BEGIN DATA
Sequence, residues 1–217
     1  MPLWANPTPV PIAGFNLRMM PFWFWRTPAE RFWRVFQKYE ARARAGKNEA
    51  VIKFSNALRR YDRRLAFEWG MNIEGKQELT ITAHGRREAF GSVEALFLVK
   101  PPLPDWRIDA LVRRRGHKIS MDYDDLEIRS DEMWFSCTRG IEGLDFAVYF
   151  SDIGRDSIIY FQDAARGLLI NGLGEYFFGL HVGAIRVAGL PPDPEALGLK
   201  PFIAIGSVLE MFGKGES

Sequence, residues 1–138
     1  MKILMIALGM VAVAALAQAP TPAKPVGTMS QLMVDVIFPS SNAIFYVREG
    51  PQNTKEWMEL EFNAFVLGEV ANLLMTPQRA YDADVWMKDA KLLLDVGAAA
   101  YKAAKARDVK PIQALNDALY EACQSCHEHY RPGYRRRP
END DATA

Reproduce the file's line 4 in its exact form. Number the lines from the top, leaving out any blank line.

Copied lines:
   101  PPLPDWRIDA LVRRRGHKIS MDYDDLEIRS DEMWFSCTRG IEGLDFAVYF